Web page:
Another method of resolving an oblique SCOR is to use a calculator. Several Web sites, including and, have online calculators that help resolve the SCOR for you. CooperVision's program, "ToriTrack," calculates the assumed lens rotation based on the patient's subjective refraction, diagnostic lens power and SCOR.16 Therefore, you do not have to enter the amount of rotation into the calculator, which eliminates one possible source of error when troubleshooting lenses. Other calculators, such as the Eyedock calculator, require you to enter the amount of lens rotation, so be as precise as possible when taking this measurement.

Fluctuating vision even with an OR is usually caused by lenses that are too loose-fitting or too steep. Loose-fitting lenses do not stabilize well on the eye, resulting in rotation with each blink and with eye movements. Loose-fitting lenses also tend to decenter, which can affect vision. If the lens is significantly decentered, moves more than 0.5 mm with each blink or has unstable rotational position, then a tighter fitting is needed. Sometimes, custom lenses with more extensive parameters can sufficiently tighten the fit. If the lens fit is not making sense to you, re-examine the relationship between the keratometry readings and the HVID or perform corneal topography to rule out an irregular cornea.

Steep-fitting lenses may also cause fluctuating vision because of variations in lens draping. Because a steep-fitting lens does not evenly drape over the ocular surface, particularly with thicker toric lens designs, the vision will change as the lens surface shape changes before, during and after each blink. It is common for a patient to report that vision clears immediately after the blink but becomes blurrier as the eye stays open.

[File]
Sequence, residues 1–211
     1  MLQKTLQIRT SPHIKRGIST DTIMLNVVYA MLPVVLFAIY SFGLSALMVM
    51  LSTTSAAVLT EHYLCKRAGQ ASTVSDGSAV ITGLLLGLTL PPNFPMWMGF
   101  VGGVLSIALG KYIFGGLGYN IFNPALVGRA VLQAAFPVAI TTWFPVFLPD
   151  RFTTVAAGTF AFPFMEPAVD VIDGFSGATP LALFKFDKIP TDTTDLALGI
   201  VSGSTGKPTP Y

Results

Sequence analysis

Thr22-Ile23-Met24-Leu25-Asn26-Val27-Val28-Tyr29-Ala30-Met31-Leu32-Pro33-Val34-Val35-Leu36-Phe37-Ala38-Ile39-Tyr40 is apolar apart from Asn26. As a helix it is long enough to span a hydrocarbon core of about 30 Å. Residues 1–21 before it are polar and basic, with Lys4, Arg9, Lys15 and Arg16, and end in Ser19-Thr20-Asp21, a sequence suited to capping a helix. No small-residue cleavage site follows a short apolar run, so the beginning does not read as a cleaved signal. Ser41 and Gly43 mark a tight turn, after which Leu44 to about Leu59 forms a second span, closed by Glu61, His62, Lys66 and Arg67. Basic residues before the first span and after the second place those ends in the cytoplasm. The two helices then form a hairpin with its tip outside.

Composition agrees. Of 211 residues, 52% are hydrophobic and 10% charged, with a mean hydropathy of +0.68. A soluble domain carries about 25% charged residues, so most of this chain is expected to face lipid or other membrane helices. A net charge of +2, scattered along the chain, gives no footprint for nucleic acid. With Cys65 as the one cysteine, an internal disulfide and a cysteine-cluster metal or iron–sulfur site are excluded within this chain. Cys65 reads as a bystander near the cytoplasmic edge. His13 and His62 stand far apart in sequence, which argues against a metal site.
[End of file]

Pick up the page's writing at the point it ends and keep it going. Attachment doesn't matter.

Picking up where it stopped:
Additionally, it is not unusual for a steep-fitting lens to rotate off-axis and then stay at that incorrect axis longer than expected. This results in blurry vision that does not clear unless the lens is manually rotated to re-align it again. In such cases, refitting with a flatter base curve and/or smaller diameter should solve the problem.


A well-fit soft toric lens will provide clear, stable vision throughout the day, with minimal adverse corneal physiology changes. On average, soft toric lenses take more time and expertise to be fit successfully. Inform patients up front and set fees to reflect this expertise.

Successful fitting of more specialized lenses, like torics, can help you build your practice through patient referrals. Careful assessment of the patient's ocular characteristics and lens fit will lead you to the most appropriate lens design—and ultimately to contact lens success.

Dr. Watanabe has no financial interest in any of the products mentioned in this article. References available upon request.

Optometric Management, Issue: April 2008